Tourism has only really lightly touched this area as the village caters mostly for locals with a couple of cafes, two hardware shops, a bakery and two mini markets. Some of the housing has been restored for holiday accommodation and there is a little tourist information office in the centre of the village but it doesn’t feel too much like a holiday destination. Not at this time of year at least.
Shepherds still walk some of their cattle up through the town in the morning to their pastures returning again in the early evening. Flat capped elderly men mingle in the village square and inside the cafes chewing the fat. Black clad widows tend to washing or sit outside their front doors enjoying the warmth of the sun.
We enjoyed three days here at the excellent aire on the edge of the village with a view of the twenty or so espigueiros (grain houses) on the rocks overlooking the valley beyond.
We frequented the cafe owned by Manuel who was born in the village but left at the age of fourteen to live in New York and work as a truck driver for forty years before returning to the village ten years ago. He was a very modest chap shifting from foot to foot whilst telling us, in perfect English, a bit about his life and life in the village. Or I should say poifect English as he had a New York/New Jersey twang. Think Marlon Brando in The Godfather!
We said a cheery Bomdia to anyone we met on our walks and one couple out tending their vines chatted to us in French telling us they had both been born in the village but had lived in Versailles just outside Paris for thirty two years and had returned to the village to retire. I would have never expected I would be practising my French in a tiny Portuguese village.
It was hard to tear ourselves away from the area and in a way I wished we’d stayed longer but the need to press on south was strong as we only have a couple of weeks before we need to be in the Algarve for our next Helpx.
So onwards it was then to Portugal’s second city, Porto. We stayed at the cheap as chips Campismo de Salgueiros campsite on the coast five miles or so south of Porto. It’s a tad scruffy and has dated facilities but the welcome was warm, the showers were hot and it was just a mere three minute walk to the beach. €7.10 a night with EHU, €4.75 without. What’s not to like?
It was actually a great place to be and we could have spent a week there had we had more time as after you’ve done Porto there are plenty of cafes to frequent and beach walks to be had. A bus would have taken us into Porto but as it was a lovely day we decided to walk in and get the bus back. From the campsite it was about a two hour gentle stroll (the route doubles up as a cycleway too) along the seafront and along the banks of the river Douro into Porto and was an excellent way to arrive as it brings you in on the southern side of the river with splendid views across the water to the UNESCO Ribeira neighbourhood.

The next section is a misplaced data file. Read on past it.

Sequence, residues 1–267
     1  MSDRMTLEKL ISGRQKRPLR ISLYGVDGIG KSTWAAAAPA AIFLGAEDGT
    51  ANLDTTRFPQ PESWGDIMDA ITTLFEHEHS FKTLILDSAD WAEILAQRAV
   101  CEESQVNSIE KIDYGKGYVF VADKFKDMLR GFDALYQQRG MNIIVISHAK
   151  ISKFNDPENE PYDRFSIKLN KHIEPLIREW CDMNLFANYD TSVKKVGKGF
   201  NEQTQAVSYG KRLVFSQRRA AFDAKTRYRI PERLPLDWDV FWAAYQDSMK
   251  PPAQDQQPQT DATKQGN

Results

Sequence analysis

We couldn’t have had a better day weatherwise and I think we saw it at its best. I can’t say we did anything cultural (not unusual for us) as all we did really was poke about and mooch around in all the nooks and crannies that make these sorts of places fascinating to explore.
We loved it and would definitely recommend it as a weekend city break. You can take in a cruise on a barcos rabelos, one of the traditional boats used to take wine down the river from the Douro port estates or join a tour of one of the many port wine lodges or just drink it all in from one of the many pavement cafes lining the waterfront.
If we hadn’t walked into Porto we wouldn’t have discovered Afurada, a compact area of colourful fishermen’s houses about four or five streets deep behind the small marina on the south side of the Douro which wasn’t mentioned in our guide book.
We knew it was going to be something special when we saw the clothes drying area next to the river and the community washing tanks nearby.
When we passed on the Saturday there was just one lady with a face mask on presumably cleaning the tanks with bleach but on the Sunday it was a hive of activity with washing being scrubbed, slapped and soaked in the tanks. It’s amazing that this tradition still lives on.
As the campsite didn’t have a washing machine we’d carried our washing the half hour walk to the nearest laundrette that morning and we’d been feeling mightily pleased with ourselves at getting three weeks worth of washing done whilst troughing pizza slices and pastel de nata’s from the Lidl next door. That was our work for the day done!
Anyway, the Afurada was a joy to saunter around.
We’d arrived after the lunchtime rush but it was still pretty lively with the charcoal barbecues in front of the restaurants still in full flow so we stopped for some lunch.
I don’t really do fish but I had the sardines cooked on the grill. I’d like to say I thoroughly enjoyed them but I’d really rather have had grilled courgettes! Still it gave me my weekly dose of omega 3.
So, another week has gone by and we’re heading further south now to Coimbra.
Our last visit to this part of Spain in April 2017 was but a fleeting one to take the ferry from Santander back to the UK. We said then that we would come back at some other time and explore more of Northern Spain. And here we are. I was happy to be back here for no other reason than to stay at the ‘elephant aire’ again. The toll free A8 motorway crosses right across this region close to the coast so it was just a mere six or seven kilometre detour. Situated on the edge of the Cabárceno Wildlife Park this free aire is, we think, a great stop before or after the ferry or at any other time really.